He is not suggesting that we cannot disagree with the scientific community—and in fact, he frequently suggests that we should disagree when the scientific community attempts to use what we know about the material world to “disprove” the spiritual world or determine the purpose of the material world (in other words, why we exist). But the biblical obligation to defend the material creation of the earth as “defined” by Genesis 1, Walton argues, simply does not exist.
“We need not defend the reigning paradigm in science about the age of the earth if we have scientific reservations, but we are under no compulsion to stand against a scientific view of an old earth because of what the Bible teaches.”
Now you may be wondering, “So if Genesis 1 isn’t about the material creation of the earth, when did that happen?”
Make no mistake: Walton absolutely believes God is the material creator of the earth as well, and he suggests (as I’ve quoted above) that the ancient Hebrews would have inherently understood God’s role as functional creator to also imply his role as the material creator.
“Viewing Genesis 1 as an account of functional origins of the cosmos as temple does not in any way suggest or imply that God was uninvolved in material origins—it only contends that Genesis 1 is not that story.” —John Walton
Why is Genesis 1 so important?
For me, like some of you, interpretations of Genesis 1 have a very personal significance. To some, suggesting that Genesis 1 is talking about anything other than the material creation of the earth undermines the reliability of all of Scripture. Regardless of what Bible scholars say about Old Testament genres, to them, Genesis 1 must be taken literally. But as Walton suggests, in order to understand what the Bible is literally saying, you have to know what it was saying to the people it was originally written to.
On the other side of the spectrum, the church is bleeding—we regularly lose people to the perceived divide between religion and science. My brother and his wife both left the church after pursuing their biology degrees at a private Christian university—in part because they couldn’t reconcile what they were learning to be true about creation with the church’s inability to consider if that were in fact true.
My brother and his wife have M.A.’s in ecology and biology. I have a B.A. in English literature. My brother now works in a lab at a university, researching the human genome and studying the biology of Neanderthals. The conversation about functional creation vs. material creation in Genesis 1 doesn’t matter to me because I want to compromise Scripture for the sake of science—it matters to me because I love my brother. I want to use the best available apologetics as a conversational tool to point him to Jesus. And if the Bible doesn’t ask us to defend a particular position here, why create additional walls for unbelievers to overcome?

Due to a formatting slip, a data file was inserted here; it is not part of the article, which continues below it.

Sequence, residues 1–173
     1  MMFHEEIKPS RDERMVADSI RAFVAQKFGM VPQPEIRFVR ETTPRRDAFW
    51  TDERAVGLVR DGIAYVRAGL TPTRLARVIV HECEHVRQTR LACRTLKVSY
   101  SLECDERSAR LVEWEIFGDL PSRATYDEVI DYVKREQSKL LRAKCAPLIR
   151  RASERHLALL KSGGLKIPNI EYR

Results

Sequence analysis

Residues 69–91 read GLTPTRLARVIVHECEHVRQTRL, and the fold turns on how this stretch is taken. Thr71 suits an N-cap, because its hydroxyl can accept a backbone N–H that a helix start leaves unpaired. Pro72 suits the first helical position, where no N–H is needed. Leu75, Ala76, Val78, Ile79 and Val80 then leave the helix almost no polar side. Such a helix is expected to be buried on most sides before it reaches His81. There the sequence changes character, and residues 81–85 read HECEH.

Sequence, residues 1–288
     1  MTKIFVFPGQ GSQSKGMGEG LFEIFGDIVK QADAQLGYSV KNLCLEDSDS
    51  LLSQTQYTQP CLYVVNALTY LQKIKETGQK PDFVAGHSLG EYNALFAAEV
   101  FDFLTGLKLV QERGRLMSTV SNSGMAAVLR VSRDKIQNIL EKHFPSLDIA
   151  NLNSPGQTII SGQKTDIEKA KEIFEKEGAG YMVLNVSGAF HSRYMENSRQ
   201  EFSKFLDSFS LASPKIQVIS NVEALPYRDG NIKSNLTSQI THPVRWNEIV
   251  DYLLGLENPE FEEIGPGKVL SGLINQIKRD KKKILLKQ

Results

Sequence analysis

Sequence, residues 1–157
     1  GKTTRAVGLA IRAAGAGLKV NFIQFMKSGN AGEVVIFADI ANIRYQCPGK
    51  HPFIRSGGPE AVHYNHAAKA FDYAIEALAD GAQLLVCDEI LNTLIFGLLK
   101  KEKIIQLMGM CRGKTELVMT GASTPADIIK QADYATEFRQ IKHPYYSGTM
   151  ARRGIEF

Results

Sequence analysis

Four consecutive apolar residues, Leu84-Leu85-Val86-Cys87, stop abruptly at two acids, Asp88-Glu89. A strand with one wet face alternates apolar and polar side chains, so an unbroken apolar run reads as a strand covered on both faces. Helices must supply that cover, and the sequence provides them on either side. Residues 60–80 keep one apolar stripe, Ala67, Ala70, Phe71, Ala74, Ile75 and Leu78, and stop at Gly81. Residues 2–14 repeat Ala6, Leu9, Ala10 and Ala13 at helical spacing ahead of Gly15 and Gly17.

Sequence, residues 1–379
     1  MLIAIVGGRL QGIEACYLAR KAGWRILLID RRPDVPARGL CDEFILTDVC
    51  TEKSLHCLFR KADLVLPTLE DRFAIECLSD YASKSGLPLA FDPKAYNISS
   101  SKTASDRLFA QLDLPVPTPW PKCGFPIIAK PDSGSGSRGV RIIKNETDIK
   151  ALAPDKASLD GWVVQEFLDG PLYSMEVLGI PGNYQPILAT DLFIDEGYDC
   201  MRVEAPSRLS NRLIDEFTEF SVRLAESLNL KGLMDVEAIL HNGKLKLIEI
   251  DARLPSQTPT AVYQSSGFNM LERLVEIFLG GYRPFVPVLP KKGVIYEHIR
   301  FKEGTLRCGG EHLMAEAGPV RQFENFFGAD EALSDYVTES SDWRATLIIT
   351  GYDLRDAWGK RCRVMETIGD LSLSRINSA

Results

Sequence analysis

Walton addresses people caught in the middle of this perceived divide: “It seems to many that they have to make a choice: either believe the Bible and hold to a young earth, or abandon the Bible because of the persuasiveness of the case for an old earth. The good news is that we do not have to make such a choice. The Bible does not call for a young earth. Biblical faith need not be abandoned if one concludes from the scientific evidence that the earth is old.”
Again, Walton is not saying that one cannot make a case for a young earth. He’s saying that if Christians truly take Genesis 1 literally, the Bible doesn’t call for us to make that case.
How do I learn more about Genesis 1?
In Genesis 1 as Ancient Cosmology, Walton focuses less on the implications of Genesis 1 for the origins debate, and more on how ancient cosmology comes into play here. There is, however, a lot of overlap in the conversation.
Drawing heavily from ancient near eastern literature, Walton says, “My intention, first of all, is to understand the texts but also to demonstrate that a functional ontology pervaded the cognitive environment of the ancient near east.” In other words, he says, “I posit that, in the ancient world, bringing about order and functionality was the very essence of creative activity.”
After building his case for this pervasive functional ontology, Walton spends the second half of the book showing how this ontology affects our understanding of Genesis 1.